Commuting can be stressful, time consuming, and expensive.
Train commuters pay $4,896 a year to trek back and forth to New York City from the Middletown Train Station, and that's not counting the parking permit, nor the last minute newspaper and coffee from the deli.
But at least the cost is not going up next year. In an announcement from the Board of Directors, NJ Transit said it will continue its three-year streak of holding the line on fare increases. The last fare increase came in 2010, and resulted in a 25% increase to interstate bus tickets and rail tickets, in addition to the nixing of the reduced off-peak ticket.
The Board of Directors recently approved a $1.904 billion operating budget and a $1.152 billion capital program for the 2013 fiscal year, which began on July 1, 2012.
Fares account for $894.2 million, which is nearly half of the operating budget. The remainder is drawn from about $109.8 million in commercial revenues, $363 million in capital transfers, and $536.9 million in state operating assistance and other state and federal reimbursements, according to NJ Transit.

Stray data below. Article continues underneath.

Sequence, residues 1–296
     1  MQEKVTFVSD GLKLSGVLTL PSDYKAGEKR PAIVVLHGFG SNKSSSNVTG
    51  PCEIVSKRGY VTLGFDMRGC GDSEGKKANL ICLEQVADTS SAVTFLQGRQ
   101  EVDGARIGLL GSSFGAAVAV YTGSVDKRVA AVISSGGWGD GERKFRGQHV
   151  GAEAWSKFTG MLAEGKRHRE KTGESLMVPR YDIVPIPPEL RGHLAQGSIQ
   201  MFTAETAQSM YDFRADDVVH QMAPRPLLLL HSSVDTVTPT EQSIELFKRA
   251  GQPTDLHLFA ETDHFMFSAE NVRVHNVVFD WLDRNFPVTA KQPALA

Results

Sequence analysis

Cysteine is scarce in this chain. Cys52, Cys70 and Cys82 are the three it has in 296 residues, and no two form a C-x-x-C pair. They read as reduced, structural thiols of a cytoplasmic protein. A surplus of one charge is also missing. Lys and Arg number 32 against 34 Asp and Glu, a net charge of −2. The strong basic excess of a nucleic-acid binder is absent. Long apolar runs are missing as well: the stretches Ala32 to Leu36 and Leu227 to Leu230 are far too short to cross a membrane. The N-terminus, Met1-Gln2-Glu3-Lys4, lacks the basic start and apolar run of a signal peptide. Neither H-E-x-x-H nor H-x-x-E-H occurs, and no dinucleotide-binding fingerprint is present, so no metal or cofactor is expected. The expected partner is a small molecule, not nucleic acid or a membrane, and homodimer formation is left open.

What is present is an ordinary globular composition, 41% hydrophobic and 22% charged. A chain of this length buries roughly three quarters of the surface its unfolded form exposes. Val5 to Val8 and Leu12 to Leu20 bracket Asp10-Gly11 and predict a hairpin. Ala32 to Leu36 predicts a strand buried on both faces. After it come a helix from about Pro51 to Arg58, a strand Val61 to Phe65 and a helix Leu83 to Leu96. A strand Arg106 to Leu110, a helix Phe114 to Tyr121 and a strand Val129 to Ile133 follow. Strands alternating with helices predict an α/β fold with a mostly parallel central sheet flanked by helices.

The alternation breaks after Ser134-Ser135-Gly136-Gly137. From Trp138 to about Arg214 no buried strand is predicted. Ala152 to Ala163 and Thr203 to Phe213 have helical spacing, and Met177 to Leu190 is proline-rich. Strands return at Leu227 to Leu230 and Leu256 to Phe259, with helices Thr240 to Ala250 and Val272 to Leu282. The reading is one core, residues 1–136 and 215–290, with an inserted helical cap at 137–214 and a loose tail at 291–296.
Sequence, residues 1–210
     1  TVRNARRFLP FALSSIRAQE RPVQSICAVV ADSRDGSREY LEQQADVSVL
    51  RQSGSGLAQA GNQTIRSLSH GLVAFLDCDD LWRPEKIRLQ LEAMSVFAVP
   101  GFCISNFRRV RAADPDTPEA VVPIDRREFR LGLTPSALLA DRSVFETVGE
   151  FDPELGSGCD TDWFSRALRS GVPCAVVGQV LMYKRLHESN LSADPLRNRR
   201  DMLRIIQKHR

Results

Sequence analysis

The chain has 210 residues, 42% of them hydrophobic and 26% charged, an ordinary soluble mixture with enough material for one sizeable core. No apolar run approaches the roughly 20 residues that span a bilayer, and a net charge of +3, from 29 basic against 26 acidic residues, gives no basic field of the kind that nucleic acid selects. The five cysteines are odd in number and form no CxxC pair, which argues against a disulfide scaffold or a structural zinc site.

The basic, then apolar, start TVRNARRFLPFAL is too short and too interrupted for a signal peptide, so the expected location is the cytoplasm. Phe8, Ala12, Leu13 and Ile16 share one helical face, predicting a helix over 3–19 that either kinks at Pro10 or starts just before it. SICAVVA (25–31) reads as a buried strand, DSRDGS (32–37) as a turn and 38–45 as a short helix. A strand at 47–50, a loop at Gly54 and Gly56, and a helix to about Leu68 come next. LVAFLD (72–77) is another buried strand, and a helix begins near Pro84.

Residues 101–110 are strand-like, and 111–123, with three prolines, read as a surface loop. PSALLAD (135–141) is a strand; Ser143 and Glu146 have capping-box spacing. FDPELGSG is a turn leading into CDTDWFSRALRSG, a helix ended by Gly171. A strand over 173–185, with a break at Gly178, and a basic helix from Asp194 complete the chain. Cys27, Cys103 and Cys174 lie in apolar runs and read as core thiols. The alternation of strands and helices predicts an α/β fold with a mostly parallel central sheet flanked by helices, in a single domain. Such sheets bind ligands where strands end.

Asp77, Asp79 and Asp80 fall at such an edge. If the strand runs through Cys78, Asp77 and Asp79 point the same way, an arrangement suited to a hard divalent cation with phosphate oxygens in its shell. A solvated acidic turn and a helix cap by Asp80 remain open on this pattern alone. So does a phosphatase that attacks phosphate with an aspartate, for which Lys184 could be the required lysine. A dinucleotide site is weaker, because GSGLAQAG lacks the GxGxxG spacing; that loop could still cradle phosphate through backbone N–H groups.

The operating budget reflects a $13.2 million increase in passenger revenue and is split up to cover the cost of running the trains and buses. About 57% covers labor and fringe benefit costs while just under 30% is applied to expenses such as contracted services, fuel, and power.
The $1.152 billion capital program will be invested in infrastructure improvements, maintenance, and enhancing the reliability and safety of the transportation system, according to NJ Transit. It will also help fund an ongoing effort to modernize the fleet, including the continued acquisition of more than 1,400 new buses, more than 400 multilevel rail cars and more than 50 electric and dual-power locomotives, according to NJ Transit.
“By implementing sustainable and fiscally responsible operating and capital programs, we are able to maintain and enhance New Jersey’s robust transportation system while responding to the daily transit needs of our customers,” said NJ Transit Executive Director James Weinstein.